Examples of such shape conversion include:

a. Converting a light source circular output aperture of 8 mm diameter (fiber optic light source) into a waveguide input rectangle aperture of 1 mm×70 mm.

b. Converting a light source circular output aperture of 6 mm (fiber optic light source) into a waveguide annular input aperture of 8 mm diameter (endoscope lighting fiber bundle) as further described with reference to FIG. 9 below.

c. Converting a LED rectangular output aperture of 2 mm×0.6 mm into a flat waveguide input aperture of 0.2 mm thickness for backlight illumination.

This light coupling by aperture conversion comply with the physical brightness law that states that the angular divergence multiplied by the aperture dimension can not be reduced. Therefore reducing the aperture dimension causes an increase in the divergence angel. Thus it is impossible to increase the brightness. The light-guides of the present embodiment enable to change the aperture dimensions, for example by reducing the aperture in one direction and increasing it in the other direction, while preserving the light divergence angle. Thus providing a higher coupling efficiency.

Reference is no made to FIG. 9, which is a simplified illustration of another embodiment of the present invention in which a waveguide transforms a rectangular (rhombus) aperture of a light source into an annular aperture of an typical endoscope. FIG. 9 illustrates the waveguide from two views. As seen in FIG. 9, one end of a flexible waveguide 38 having a annular shaped output 39 is cut into strips 40 that serve as light-guides. The other ends 41 of the light guides are arranged to form a rhombus shaped input according to the shape of the output light source (not shown).

Reference is no made to FIG. 10, which is a simplified illustration of a light source coupled with a waveguide according to the prior art, As seen in FIG. 10, a source of light 42 produces a light beam 30, that enters the waveguide 26 at a diversion angle 31 that does not comply with the critical angle 22. Therefore a portion of the light rays, referenced by numeral 32 (the shaded area), is refracted through the envelope of the waveguide and out of the waveguide and does not reach the output end of the waveguide.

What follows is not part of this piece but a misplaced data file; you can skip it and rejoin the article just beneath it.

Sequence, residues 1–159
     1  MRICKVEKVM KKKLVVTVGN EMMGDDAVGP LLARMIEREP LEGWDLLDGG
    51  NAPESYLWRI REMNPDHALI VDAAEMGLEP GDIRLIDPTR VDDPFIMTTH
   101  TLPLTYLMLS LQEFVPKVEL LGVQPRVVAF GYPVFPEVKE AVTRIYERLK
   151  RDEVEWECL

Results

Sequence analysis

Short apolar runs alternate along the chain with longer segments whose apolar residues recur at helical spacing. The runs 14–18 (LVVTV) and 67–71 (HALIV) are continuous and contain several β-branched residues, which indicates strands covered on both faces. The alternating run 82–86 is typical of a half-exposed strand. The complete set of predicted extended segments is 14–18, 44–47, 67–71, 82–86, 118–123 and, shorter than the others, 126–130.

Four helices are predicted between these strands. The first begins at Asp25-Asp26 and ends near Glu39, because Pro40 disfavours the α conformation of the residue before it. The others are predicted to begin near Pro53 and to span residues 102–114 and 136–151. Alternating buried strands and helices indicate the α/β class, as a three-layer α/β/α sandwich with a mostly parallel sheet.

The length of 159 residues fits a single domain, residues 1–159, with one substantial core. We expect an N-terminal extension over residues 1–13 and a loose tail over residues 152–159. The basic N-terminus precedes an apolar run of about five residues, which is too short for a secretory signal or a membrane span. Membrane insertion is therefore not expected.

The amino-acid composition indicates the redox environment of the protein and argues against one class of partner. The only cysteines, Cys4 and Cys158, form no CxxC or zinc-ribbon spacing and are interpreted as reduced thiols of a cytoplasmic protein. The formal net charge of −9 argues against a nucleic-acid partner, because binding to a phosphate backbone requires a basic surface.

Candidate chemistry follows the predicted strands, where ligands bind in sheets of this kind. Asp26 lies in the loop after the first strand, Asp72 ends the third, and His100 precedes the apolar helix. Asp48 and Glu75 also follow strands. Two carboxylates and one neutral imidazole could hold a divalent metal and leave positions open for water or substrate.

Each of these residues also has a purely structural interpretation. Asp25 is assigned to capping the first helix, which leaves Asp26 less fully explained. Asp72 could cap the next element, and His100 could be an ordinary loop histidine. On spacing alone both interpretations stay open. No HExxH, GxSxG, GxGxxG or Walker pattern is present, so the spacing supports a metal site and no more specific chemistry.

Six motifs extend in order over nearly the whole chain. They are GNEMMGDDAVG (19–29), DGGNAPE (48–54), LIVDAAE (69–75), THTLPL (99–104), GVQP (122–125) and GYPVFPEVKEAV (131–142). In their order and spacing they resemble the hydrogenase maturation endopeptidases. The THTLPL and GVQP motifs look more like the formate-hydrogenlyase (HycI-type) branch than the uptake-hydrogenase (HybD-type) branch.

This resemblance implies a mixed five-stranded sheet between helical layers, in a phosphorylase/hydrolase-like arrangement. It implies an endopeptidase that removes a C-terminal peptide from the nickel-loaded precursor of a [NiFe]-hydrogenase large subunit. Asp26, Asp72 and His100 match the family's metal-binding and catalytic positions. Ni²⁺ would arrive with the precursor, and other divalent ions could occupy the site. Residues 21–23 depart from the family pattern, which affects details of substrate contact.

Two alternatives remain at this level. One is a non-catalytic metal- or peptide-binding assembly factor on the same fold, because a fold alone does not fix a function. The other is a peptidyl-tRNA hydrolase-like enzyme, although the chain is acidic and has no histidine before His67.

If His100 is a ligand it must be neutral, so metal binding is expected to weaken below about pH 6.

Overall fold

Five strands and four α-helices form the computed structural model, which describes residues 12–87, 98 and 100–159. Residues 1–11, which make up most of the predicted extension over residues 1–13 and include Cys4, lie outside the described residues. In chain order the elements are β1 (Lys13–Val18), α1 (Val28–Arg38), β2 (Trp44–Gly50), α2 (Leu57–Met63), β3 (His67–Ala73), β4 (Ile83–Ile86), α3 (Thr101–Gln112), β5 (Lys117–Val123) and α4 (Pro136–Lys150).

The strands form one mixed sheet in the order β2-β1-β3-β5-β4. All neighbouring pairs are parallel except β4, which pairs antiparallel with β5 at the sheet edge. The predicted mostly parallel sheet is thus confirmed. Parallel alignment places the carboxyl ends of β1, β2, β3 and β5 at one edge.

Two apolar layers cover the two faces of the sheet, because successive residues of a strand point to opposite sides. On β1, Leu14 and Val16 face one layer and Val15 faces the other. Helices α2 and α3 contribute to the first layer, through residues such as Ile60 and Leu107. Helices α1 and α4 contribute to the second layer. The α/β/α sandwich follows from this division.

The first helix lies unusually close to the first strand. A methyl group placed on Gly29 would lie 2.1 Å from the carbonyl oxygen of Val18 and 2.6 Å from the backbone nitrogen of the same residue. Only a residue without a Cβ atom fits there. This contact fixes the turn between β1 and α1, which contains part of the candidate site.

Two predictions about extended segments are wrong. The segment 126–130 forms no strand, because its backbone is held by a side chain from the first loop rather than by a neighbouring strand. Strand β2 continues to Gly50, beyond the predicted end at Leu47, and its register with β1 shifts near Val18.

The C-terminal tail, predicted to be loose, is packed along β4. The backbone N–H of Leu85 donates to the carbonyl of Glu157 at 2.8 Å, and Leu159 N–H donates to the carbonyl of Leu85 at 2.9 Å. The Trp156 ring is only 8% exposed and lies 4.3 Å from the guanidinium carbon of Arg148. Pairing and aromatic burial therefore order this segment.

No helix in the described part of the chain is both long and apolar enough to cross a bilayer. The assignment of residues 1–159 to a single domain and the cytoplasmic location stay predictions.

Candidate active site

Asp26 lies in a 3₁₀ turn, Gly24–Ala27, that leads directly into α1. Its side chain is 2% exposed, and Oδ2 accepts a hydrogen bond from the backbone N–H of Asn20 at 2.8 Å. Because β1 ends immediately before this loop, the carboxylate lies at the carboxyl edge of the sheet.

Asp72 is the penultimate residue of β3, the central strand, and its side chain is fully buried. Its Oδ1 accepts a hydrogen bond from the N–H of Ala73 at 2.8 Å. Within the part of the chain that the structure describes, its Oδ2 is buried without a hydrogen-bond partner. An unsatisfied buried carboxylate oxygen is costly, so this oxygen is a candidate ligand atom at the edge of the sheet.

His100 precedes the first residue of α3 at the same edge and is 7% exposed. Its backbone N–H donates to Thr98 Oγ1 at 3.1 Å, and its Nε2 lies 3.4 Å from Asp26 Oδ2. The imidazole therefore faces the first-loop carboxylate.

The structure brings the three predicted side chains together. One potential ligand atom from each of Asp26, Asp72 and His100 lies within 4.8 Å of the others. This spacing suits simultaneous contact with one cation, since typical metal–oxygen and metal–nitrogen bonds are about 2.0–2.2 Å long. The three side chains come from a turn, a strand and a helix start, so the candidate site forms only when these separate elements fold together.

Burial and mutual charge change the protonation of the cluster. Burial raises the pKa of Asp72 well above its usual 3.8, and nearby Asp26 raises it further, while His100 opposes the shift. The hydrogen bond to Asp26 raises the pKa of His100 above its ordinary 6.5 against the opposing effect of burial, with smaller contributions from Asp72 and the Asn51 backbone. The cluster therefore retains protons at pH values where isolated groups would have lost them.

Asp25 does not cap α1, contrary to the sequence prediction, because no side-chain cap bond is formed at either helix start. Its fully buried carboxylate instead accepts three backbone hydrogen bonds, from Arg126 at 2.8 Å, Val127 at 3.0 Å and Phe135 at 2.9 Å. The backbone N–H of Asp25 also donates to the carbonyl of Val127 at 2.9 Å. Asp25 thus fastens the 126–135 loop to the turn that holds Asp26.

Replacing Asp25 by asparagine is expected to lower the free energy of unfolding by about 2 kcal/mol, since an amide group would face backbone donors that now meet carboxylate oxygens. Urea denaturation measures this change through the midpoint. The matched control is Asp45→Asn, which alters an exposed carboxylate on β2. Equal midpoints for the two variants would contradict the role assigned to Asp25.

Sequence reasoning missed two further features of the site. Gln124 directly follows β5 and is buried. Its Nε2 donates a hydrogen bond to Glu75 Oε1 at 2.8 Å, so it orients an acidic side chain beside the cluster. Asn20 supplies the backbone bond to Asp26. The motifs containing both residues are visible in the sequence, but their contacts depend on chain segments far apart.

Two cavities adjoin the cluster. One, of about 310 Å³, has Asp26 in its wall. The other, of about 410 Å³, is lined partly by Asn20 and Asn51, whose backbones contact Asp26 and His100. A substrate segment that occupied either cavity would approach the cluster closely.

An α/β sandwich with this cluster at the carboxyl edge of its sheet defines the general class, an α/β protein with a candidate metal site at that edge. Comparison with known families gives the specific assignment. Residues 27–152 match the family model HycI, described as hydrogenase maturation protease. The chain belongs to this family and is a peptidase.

Reference is now made to FIG. 11, which is a simplified illustration of a preferred embodiment of the present invention. As seen in FIG. 11, the same source of light 42 of FIG. 10 having the same diversion angle 31 is coupled to waveguide 43 via a coupler 44, which comprises strips 45 that are cut from the edge of waveguide 43. The strips 45 are arranged around the surface 46 of the source of light in adequate orientations so that each strip receives light at an angle of divergence that is compatible with the critical angle of the waveguide. Thus, even the portions of the radiated light that was lost in the embodiment of the prior art described with reference to FIG. 10 (marked as shaded area) are here propagated along the waveguide, as shown by a exemplary light ray 47.

Reference is now made to FIG. 12, which is a simplified illustration of a backlight device according to a preferred embodiment of the present invention. As seen in FIG. 12, the source of light 42 is coupled to the waveguide 43 via a coupler comprising strips 45 that are cut from the edge of the waveguide 43 in the same manner described with reference to FIG. 11, The first part of the waveguide 43, marked by reference number 48, propagates the light to the second part of the waveguide, marked by reference number 49, which provides the backlight function. The backlight section 49 continue to carry the light in the longitudinal direction marked by reference number 50, while at the same time emitting light via surface 51, in the direction 52, and typically towards and through the back side of the LCD 53.